4. It can be harder to find a place to rent

Landlords usually run background checks on potential renters, and these often include a check on your credit history. Good credit shows you're likely to pay your rent on-time, while no credit provides no such proof. 

If you have no credit, a landlord might require a bigger deposit or a cosigner. In bigger cities with high demand for housing, they might not give you a chance at all.

5. You won't be able to get a better rate on student loan debt

College students tend to have no credit as they've either never borrowed money before, or they're just getting started with student loans. The problem with graduating from college with a slim credit file and student loan debt is you won't be able to qualify for the best student loan refinancing.

If you build your credit throughout college, you might be able to refinance your student loans soon after graduation. This can lead to a significantly lower interest rate, which often means lower monthly payments and less money spent on interest fees.

6. It'll be hard to qualify for a credit card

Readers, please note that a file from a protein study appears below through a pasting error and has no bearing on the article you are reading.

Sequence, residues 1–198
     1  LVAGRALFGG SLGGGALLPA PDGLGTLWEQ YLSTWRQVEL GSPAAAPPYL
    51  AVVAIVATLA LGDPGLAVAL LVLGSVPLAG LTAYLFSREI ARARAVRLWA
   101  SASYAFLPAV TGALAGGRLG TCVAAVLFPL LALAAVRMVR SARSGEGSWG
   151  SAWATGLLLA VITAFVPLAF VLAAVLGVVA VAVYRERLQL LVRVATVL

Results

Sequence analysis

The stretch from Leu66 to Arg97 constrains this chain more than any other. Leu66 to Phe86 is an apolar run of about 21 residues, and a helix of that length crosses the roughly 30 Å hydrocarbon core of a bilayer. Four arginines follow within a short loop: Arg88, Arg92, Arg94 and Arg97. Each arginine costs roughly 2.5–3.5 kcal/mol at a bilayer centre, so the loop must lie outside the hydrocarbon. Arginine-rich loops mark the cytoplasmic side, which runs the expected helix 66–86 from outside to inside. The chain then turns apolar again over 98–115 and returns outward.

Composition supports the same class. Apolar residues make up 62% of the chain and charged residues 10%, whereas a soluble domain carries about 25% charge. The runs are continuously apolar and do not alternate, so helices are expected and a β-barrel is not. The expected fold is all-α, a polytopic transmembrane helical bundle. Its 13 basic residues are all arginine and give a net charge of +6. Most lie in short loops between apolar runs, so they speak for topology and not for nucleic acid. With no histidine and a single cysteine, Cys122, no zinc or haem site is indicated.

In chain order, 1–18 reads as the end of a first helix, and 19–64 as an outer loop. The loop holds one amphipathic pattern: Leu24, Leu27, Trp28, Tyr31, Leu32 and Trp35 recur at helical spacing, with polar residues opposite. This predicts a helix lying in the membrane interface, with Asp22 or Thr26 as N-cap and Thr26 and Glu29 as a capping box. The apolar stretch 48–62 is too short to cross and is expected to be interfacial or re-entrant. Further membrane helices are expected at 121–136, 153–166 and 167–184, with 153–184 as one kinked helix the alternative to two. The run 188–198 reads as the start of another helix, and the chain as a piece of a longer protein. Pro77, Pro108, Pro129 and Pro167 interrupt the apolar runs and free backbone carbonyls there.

You might not need a credit card now. However, there are situations where they come in handy. For one, some businesses, such as hotels and rental car agencies, won't let you make a reservation without a credit card.

Credit cards can also offer lucrative travel and cash-back rewards, and they're even more generous when you've got excellent credit. With a high enough credit score, you can even travel for free with credit card points.

7. Your insurance rates might be higher

Credit history is a factor for some car insurance companies when deciding how much to charge you for an insurance policy. While bad marks such as overdue payments are worse than not having credit at all, many still consider a short credit history to be a negative.

If you have no credit, be sure to shop around for the best rates on car insurance. Some policy providers take credit scores into consideration more than others.

8. You might have to pay a security deposit on utility contracts